Auto-Empathy: Cultures of Pragmatism and Collective Action in Revolutionary Iran

By Arash Davari
Submitted to Session P4939 (Representations of Struggle and Horizons of Freedom, 2017 Annual Meeting
Unknown
Iran;
19th-21st Centuries;
LCD Projector without Audio;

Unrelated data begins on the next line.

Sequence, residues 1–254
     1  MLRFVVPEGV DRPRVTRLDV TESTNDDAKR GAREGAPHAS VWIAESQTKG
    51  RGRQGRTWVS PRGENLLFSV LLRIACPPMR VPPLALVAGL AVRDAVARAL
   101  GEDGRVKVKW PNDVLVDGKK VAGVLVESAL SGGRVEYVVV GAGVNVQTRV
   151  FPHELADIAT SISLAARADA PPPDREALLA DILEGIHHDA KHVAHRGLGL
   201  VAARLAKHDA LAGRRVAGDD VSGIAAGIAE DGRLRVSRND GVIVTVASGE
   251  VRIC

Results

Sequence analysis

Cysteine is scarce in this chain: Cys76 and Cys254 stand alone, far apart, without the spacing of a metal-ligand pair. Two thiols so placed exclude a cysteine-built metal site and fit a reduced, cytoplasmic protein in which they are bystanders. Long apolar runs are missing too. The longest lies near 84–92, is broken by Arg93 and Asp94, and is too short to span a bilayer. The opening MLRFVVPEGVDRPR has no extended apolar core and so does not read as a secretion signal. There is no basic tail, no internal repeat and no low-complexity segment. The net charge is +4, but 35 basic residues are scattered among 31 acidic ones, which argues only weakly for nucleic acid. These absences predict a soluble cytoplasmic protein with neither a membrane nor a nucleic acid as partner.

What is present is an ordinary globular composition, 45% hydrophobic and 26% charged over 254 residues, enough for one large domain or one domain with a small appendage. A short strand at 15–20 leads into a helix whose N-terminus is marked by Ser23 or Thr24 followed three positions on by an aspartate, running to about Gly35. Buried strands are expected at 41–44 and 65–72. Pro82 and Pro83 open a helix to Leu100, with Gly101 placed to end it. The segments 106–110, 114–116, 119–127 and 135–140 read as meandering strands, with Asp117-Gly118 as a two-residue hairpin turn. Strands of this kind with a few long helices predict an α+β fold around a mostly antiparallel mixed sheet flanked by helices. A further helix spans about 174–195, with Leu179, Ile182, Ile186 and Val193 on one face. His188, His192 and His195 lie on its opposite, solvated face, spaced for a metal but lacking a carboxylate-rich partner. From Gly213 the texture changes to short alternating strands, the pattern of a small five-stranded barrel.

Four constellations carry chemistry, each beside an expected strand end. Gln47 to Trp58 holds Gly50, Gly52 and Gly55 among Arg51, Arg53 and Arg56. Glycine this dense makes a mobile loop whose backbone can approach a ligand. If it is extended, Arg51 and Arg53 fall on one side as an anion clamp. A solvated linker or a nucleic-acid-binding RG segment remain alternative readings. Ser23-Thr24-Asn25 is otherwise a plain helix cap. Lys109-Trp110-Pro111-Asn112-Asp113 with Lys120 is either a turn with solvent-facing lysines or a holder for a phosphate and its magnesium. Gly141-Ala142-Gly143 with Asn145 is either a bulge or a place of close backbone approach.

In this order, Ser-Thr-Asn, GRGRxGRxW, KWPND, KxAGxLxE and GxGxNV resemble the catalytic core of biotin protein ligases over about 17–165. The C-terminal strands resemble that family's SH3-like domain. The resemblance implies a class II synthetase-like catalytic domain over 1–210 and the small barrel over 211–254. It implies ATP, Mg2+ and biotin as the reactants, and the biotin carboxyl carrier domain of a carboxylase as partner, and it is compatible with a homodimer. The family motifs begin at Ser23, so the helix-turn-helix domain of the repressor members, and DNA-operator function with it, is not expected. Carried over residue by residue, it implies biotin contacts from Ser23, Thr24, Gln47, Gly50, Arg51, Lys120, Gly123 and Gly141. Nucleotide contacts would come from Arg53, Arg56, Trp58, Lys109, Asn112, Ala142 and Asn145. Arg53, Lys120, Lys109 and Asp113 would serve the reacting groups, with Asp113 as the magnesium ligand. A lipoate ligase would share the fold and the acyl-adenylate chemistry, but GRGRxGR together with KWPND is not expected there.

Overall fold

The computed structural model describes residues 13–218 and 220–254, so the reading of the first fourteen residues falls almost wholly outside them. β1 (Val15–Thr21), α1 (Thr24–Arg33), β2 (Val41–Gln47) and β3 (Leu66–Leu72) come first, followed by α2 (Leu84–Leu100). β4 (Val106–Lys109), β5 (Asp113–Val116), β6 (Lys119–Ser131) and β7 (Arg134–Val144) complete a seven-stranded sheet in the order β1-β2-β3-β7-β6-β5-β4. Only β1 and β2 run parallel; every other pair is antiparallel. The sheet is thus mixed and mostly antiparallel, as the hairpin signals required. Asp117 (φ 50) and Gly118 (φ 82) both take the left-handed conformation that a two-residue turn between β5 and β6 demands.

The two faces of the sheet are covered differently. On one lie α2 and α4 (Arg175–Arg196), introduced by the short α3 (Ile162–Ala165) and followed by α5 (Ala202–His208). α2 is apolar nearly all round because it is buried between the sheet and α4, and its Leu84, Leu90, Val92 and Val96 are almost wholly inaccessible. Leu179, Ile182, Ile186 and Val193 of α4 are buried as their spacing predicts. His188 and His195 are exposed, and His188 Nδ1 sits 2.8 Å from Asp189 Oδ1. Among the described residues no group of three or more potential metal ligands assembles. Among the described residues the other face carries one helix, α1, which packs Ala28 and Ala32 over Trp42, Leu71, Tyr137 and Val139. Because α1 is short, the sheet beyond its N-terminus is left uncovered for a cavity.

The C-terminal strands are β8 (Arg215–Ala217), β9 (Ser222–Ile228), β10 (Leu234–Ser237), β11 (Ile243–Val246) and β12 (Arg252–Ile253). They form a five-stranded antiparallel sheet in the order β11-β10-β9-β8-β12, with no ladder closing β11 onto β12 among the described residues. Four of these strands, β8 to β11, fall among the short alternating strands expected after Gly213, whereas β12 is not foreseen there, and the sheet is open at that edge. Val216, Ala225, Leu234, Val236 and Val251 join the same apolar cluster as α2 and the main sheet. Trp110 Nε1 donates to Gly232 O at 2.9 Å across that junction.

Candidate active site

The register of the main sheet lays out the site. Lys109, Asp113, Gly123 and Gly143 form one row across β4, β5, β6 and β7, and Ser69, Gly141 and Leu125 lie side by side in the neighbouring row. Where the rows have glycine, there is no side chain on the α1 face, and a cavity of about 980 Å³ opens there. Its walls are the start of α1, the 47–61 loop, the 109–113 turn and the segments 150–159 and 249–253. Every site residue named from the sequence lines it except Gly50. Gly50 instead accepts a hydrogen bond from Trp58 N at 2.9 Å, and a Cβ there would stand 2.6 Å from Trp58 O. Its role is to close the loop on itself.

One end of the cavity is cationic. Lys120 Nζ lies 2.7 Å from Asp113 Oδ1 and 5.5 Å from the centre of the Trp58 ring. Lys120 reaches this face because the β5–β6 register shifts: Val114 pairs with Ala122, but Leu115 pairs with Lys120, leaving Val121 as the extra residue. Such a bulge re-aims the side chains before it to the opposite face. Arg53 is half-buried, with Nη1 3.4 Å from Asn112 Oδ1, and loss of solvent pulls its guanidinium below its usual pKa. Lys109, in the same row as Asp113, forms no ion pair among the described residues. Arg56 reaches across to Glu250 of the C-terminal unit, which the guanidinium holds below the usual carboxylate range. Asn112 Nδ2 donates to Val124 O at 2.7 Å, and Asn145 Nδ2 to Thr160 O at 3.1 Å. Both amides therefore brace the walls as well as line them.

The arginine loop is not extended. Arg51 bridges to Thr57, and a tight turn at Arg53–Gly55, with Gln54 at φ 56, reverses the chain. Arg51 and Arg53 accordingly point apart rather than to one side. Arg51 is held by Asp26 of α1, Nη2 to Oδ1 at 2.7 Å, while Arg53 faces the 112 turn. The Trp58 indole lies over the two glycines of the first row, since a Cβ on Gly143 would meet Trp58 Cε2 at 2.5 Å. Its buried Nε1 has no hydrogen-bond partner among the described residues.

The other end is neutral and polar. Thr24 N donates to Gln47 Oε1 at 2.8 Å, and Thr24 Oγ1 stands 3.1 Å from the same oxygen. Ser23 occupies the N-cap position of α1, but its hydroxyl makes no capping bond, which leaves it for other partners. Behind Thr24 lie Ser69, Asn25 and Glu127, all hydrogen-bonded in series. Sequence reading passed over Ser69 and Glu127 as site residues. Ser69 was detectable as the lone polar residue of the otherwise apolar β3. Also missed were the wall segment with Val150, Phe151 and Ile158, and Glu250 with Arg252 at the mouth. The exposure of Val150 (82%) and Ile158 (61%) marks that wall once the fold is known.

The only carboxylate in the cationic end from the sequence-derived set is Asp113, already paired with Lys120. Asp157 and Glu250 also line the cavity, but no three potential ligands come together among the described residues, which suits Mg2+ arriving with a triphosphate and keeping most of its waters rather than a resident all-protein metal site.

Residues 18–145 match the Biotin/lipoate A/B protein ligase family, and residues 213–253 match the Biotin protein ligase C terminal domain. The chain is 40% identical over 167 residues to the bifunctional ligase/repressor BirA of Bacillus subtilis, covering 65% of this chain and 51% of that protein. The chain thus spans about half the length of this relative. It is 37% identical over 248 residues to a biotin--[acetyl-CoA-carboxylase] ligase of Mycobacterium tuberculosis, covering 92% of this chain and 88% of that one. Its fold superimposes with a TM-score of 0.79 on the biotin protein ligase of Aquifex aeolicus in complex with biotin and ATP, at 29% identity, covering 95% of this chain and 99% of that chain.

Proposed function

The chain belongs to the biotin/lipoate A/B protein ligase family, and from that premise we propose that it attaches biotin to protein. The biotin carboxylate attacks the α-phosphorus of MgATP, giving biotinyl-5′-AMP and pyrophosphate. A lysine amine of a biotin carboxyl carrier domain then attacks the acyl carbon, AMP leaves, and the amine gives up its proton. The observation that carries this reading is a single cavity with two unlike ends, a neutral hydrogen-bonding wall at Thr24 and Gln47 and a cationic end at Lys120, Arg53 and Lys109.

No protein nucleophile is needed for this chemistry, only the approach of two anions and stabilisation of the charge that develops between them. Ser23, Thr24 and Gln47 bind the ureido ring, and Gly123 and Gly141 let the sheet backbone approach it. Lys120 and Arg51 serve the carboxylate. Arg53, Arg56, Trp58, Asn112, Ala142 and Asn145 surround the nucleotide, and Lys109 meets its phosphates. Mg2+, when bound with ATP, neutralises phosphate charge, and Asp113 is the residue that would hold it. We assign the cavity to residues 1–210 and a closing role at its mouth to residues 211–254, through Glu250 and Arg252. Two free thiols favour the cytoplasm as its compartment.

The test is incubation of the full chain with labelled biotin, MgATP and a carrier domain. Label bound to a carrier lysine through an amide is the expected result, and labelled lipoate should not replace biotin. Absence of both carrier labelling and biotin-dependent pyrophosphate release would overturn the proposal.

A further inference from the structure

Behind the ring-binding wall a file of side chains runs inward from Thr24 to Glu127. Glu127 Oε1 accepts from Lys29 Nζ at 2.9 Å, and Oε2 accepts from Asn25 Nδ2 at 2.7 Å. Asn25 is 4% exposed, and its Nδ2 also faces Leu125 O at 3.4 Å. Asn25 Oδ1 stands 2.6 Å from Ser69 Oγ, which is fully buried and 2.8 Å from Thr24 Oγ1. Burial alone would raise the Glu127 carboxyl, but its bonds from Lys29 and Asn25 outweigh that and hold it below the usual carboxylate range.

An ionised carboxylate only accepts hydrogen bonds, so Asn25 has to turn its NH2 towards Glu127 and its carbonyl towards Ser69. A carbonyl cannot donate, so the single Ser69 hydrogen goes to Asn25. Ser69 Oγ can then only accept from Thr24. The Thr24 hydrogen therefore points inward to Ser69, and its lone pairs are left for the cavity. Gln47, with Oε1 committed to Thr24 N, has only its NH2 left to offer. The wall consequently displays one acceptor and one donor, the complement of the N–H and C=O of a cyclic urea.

This paper amends scholarly accounts that describe activism in Iran’s revolutionary uprising in terms of pragmatism. These accounts argue that, between the Fall of 1977 and the late Summer of 1978, the language of activism and the actual experience of revolutionary mobilization in Iran were at odds with one another (Kurzman 2005). On these terms, we may rightly dispel causal explanations that attribute the revolt to cultural determinism. Yet these accounts go too far in positing a pragmatic sensibility devoid of cultural specificity. How did the constructed repertoires of resistance in revolutionary Iran -- or rather, the cultural practices produced in efforts to disrupt social and political order -- unintentionally allow for a pragmatic disposition on the part of the revolution’s non-activist mass? What can this observation teach us about social movements in our contemporary moment in general? I answer these question by reexamining the archive of activist efforts to incite revolt, from leftists in the late 1960s and early 1970s to liberals and Islamists in the year before the revolt became mass-based. I focus in particular on the history of mourning ceremonies or chihilum (fortieth-day mourning rites) as techniques of protest in contemporary Iran. Between 1968 and 1978, the language surrounding these events produced an unexpected basis of solidarity predicated on the convergence between conceptions of shah?dat and discourses of individual human rights. I call this form of solidarity auto-empathy. On these terms, the paper provides a cultural frame of reference that coheres with the indeterminate and open-ended pragmatism of actors on the ground prioritized in “anti-explanations.”